Yet another earthquake of 2.8 magnitude hit Alva on 28th January which is located about 31 kilometers from Oklahoma. In the recent years, Oklahoma and adjoining areas have seen a rise in the frequency of earthquakes and scientists estimate this is because of the wastewater injection wells that are spread all over the area. Oklahoma houses more than 10,000 such wells that let out waste water from different factories.
The study suggests that the greater the depth of these injection wells, the higher the magnitude and frequency of the earthquake in the area. Researchers from the University of Bristol have found that state of Oklahoma has become a centre for seismic activities due to the actions of the well operators. In the year 2016, Pawnee experienced an earthquake of magnitude 5.8 which was really devastating for the economy as well as life of the residents.
These earthquakes pose a major threat to infrastructures that could be a national threat like the oil storage factory which upon impact could harm a lot of lives and result in economical loss for the state. The scientists recorded about 800 times increase in frequency of earthquakes occurring in the area after the year 2011 which is a significantly high number. This is because the well operators at Oklahoma have constantly injected about 2.3 billion barrels fluids each year into the base of ground at a depth of 1 to 2 kilometers which is way below the actual level of fresh water supply in the ground. Apart from this, operators inject saltwater at a deeper level to obtain oil and gas.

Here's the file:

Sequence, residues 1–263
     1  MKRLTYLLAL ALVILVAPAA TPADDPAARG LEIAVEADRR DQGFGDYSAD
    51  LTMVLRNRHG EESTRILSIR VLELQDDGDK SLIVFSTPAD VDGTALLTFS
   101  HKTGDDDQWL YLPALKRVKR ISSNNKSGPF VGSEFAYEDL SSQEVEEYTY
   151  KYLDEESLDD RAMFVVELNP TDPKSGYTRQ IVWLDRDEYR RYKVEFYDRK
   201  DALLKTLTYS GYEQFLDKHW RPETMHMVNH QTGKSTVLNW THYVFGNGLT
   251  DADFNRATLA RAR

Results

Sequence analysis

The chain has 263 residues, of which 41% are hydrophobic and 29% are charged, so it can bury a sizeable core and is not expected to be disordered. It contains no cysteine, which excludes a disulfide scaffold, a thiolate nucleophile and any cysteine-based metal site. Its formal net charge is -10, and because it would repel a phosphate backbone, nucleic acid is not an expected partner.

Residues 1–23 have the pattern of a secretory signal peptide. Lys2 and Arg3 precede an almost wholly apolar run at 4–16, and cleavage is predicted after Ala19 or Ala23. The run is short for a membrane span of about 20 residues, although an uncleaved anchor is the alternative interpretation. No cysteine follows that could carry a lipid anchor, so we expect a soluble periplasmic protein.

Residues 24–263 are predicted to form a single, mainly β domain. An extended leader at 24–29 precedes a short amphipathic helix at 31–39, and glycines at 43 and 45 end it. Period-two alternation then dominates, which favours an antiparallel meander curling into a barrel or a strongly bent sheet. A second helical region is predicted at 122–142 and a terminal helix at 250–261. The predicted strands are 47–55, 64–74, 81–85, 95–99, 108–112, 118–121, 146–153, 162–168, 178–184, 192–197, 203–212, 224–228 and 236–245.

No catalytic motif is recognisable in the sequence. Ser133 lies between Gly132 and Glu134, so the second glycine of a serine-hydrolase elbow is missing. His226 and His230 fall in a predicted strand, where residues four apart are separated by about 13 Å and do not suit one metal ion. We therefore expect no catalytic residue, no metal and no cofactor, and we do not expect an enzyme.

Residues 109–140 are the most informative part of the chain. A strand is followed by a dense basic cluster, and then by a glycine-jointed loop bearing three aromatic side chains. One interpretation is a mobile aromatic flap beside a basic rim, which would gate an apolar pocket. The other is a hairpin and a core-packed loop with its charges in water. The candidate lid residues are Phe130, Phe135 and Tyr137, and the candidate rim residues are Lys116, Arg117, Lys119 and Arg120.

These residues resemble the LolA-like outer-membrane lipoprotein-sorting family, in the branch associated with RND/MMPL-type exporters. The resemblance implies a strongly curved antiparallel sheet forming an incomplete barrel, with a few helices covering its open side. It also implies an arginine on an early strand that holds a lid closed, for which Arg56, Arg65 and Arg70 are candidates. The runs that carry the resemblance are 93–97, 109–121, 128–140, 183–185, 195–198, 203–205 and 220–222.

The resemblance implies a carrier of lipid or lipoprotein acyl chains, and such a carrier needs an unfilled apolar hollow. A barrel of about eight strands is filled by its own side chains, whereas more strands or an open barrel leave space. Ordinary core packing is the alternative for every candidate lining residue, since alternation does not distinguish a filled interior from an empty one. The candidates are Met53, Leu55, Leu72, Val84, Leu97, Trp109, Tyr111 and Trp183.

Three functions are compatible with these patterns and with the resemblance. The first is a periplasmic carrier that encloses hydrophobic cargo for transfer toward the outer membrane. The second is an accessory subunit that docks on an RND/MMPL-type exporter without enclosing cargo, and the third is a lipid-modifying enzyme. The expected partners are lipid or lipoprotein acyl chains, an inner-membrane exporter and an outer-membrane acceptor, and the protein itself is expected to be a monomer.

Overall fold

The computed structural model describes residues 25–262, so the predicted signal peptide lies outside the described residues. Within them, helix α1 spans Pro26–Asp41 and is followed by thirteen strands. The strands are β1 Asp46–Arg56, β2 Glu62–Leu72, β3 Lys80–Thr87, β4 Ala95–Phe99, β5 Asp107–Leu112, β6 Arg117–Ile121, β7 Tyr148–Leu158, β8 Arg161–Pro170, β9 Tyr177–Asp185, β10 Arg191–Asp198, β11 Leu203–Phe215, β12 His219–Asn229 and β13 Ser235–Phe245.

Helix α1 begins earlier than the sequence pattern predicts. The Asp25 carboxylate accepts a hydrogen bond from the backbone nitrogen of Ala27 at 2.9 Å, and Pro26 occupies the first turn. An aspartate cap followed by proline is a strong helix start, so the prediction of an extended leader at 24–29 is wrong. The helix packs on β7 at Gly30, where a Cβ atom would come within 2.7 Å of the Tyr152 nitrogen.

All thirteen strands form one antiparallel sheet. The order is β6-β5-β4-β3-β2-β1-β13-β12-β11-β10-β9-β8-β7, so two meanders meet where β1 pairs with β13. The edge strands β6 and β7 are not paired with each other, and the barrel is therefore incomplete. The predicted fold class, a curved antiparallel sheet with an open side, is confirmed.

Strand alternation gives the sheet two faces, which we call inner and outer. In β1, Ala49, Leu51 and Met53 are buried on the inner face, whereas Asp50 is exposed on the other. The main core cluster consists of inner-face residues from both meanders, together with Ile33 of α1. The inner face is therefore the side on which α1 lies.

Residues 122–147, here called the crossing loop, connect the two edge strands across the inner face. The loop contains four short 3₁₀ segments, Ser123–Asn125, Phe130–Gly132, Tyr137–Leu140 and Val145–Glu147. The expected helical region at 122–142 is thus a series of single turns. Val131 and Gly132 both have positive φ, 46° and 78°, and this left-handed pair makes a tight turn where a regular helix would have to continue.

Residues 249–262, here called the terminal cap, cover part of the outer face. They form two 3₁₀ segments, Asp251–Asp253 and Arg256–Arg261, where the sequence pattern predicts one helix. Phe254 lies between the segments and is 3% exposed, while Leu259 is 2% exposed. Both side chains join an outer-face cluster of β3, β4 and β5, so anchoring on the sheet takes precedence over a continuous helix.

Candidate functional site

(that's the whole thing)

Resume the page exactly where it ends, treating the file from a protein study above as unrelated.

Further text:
The scientists have suggested the drilling for gas and oil should not go beyond the range of 600 feet to 1500 feet. This is where the hard rocks are located which is made up of igneous and metamorphic rocks that stabilize the upper softer levels. This particular region is actually filled with many criss cross of faulty zones for earthquake to occur. The closer these wells reach the fault lines, the higher the chances of an earthquake of high magnitude. It’s like forcing your way through a crack in the basement of a building which could potentially bring down the whole building.
The lab experiments conducted by the scientists suggest that forcing in water into these faulty areas weaken their bond and thus lead to an inevitable earthquake, explained the co-author of the study, Thomas Gernon, a Geologist from the University of Southampton. Scientists also stated that the depth as well as volume of the waste water being injection into the ground jointly affects the intensity of an earthquake. The key to reducing the number and magnitude of these earthquakes is to limit the depth a certain distance that should be way above the basement rocks.